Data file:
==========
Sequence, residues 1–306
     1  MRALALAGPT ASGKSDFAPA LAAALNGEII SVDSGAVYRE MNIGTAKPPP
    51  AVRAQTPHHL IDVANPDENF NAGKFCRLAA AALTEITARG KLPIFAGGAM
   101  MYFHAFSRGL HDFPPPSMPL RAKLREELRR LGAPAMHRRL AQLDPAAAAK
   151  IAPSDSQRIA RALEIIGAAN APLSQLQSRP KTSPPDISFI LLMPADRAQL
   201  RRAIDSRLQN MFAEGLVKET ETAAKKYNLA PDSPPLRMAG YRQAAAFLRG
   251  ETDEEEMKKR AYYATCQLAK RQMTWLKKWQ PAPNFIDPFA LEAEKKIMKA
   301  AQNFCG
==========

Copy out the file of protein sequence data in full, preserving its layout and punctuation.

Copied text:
Sequence, residues 1–306
     1  MRALALAGPT ASGKSDFAPA LAAALNGEII SVDSGAVYRE MNIGTAKPPP
    51  AVRAQTPHHL IDVANPDENF NAGKFCRLAA AALTEITARG KLPIFAGGAM
   101  MYFHAFSRGL HDFPPPSMPL RAKLREELRR LGAPAMHRRL AQLDPAAAAK
   151  IAPSDSQRIA RALEIIGAAN APLSQLQSRP KTSPPDISFI LLMPADRAQL
   201  RRAIDSRLQN MFAEGLVKET ETAAKKYNLA PDSPPLRMAG YRQAAAFLRG
   251  ETDEEEMKKR AYYATCQLAK RQMTWLKKWQ PAPNFIDPFA LEAEKKIMKA
   301  AQNFCG